Neuron/Glia-Pericyte Interactions


Although pericytes are located along vessels in both the central nervous system and other organs, astrocytic endfeet cover only the vasculature in the central nervous system. It remains unclear whether there are subtypes of pericytes in blood vessels and, if so, what their functions are in the brain. There is also little information available about how different subtypes of pericytes interact with glial cells or neurons in the brain. To answer these questions, we use techniques including electrophysiology and in vivo imaging into the study of brain pericytes. The goal is to isolate pericytes from several sources (arterioles, precapillaries, capillaries, postcapillaries, and venules) to characterize the molecular and cellular profile of pericytes from these different locations. We have already established an electrophysiological technique to record individual pericytes within different segments of blood vessels in acutely isolated brain slices.

Formation of Gliovascular Interface

Glial cells constitute approximately half of the cells in the human brain. As the largest population of glial cells, astrocytes are crucial for the survival and function of neurons. Together with brain vasculature, astrocytic endfeet form an intricate structure called the gliovascular interface. This interface is critical for the transport of glucose from the blood to neurons, the regulation of cerebral blood flow, and maintenance of the blood-brain barrier. Detachment of astrocytic endfeet from the vascular membrane is responsible for brain edema and results in neurodegeneration. Restoring this function after stroke is critical to improving functional brain recovery in patients. However, it remains unclear how the gliovascular interface forms and develops. We are studying the cellular and molecular mechanisms for interactions between brain vasculature and astrocytes through genetic manipulation and time-lapse slice or in vivo imaging.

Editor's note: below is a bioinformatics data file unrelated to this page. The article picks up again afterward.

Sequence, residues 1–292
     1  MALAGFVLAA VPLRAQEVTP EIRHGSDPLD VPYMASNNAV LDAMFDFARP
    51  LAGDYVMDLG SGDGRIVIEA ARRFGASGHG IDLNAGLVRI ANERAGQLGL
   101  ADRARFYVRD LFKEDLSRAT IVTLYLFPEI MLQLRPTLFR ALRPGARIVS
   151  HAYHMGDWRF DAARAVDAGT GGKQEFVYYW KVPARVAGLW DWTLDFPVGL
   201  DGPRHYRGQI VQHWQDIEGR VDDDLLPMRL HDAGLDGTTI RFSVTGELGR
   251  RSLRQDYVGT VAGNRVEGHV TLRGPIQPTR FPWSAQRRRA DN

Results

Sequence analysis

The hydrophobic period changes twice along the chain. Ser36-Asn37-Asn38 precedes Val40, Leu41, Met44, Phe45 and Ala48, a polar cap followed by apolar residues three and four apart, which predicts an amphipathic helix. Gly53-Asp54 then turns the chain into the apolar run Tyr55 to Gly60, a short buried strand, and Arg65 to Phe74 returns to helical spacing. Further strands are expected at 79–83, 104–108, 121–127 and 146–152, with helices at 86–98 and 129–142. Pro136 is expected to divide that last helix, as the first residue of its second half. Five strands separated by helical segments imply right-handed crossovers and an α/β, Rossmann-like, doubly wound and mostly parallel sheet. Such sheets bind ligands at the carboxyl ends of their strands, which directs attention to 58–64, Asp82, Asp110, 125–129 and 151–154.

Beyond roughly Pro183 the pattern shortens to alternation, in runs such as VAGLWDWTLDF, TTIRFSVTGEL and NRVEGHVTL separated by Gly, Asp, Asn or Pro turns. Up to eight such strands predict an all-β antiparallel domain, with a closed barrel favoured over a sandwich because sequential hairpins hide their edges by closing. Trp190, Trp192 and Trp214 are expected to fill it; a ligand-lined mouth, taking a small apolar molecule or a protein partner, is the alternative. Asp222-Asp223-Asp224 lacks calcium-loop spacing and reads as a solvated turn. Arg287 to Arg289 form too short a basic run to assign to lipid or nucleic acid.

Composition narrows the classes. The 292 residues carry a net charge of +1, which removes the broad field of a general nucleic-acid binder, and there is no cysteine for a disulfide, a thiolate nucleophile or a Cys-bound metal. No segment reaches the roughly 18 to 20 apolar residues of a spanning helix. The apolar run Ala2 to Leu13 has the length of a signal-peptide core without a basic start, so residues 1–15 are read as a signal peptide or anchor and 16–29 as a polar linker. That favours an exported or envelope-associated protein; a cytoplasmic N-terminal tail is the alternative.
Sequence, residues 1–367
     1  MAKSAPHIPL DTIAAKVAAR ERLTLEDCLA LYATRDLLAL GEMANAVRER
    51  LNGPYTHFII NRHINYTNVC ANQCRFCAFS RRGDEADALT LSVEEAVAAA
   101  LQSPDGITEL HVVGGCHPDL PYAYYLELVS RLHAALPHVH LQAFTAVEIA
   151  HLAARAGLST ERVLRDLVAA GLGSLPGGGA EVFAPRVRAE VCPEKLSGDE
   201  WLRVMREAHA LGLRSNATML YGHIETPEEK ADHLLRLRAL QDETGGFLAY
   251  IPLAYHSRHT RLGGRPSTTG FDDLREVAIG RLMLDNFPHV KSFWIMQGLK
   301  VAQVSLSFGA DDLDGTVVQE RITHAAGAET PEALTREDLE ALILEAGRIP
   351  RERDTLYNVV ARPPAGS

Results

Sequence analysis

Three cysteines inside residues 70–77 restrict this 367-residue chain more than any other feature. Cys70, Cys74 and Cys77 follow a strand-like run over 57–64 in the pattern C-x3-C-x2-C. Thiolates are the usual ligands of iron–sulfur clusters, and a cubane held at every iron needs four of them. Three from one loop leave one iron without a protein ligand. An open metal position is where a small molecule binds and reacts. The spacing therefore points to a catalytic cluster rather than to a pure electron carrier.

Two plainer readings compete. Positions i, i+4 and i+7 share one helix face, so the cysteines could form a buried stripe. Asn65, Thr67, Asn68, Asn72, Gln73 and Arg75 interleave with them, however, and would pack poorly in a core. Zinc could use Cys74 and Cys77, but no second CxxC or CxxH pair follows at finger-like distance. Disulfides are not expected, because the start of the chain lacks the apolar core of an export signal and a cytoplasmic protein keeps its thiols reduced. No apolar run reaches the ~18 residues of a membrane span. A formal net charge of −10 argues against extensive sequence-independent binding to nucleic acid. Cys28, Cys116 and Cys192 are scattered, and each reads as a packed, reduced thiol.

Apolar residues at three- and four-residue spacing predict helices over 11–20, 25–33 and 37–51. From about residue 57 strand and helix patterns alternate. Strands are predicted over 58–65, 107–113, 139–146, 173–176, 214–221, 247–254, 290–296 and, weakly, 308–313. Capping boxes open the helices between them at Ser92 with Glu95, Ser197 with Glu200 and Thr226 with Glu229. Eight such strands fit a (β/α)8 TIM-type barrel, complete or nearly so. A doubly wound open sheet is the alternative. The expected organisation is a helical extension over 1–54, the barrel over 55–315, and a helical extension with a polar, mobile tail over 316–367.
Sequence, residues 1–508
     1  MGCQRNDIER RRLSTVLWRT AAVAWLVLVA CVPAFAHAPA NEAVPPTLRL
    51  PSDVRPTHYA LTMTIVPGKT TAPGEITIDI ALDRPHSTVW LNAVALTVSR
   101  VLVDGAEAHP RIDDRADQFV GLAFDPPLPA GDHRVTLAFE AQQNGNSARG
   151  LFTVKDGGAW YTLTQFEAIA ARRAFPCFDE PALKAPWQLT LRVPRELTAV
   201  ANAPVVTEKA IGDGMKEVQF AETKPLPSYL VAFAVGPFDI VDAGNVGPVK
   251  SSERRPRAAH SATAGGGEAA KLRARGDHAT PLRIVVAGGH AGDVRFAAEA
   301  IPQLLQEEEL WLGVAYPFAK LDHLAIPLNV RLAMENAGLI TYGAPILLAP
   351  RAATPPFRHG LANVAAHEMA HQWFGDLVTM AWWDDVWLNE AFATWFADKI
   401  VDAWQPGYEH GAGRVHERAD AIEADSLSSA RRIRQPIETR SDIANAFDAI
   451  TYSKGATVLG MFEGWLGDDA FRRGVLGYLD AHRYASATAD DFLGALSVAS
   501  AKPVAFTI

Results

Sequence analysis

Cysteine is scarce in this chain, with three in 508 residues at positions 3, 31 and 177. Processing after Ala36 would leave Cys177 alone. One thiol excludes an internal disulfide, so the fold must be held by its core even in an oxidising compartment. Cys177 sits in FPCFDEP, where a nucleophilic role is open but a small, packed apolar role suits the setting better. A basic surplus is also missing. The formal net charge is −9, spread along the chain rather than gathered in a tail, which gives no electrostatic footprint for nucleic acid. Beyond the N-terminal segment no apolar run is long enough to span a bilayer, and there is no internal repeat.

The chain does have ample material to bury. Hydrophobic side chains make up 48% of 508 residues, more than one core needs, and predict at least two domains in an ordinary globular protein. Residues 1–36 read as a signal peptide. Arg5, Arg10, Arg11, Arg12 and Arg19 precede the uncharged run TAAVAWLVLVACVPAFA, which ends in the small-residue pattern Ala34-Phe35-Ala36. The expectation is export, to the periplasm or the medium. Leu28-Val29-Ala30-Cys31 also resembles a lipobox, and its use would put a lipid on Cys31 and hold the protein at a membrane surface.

Glia-Glioma Interactions

The brain consists of multiple cell types that form a complex neuron-glia-blood vasculature network. During glioma (brain tumor) development, tumor cells infiltrate normal brain tissue and interact with adjacent stromal cells in this network. The network provides glioma cells with an appropriate environment for colonization, growth, and infiltration. However, the role of normal glial cells, which constitute 50 percent of cells in the human brain and are critical for a number of functions (brain metabolism, neuronal protection, and cell-cell communication), in glioma progression is poorly understood. Improving our understanding of glia-glioma interactions and discovering their underlying mechanisms are critical steps for the diagnosis, prognosis, and treatment of pediatric glioma and are necessary to identify new therapeutic targets.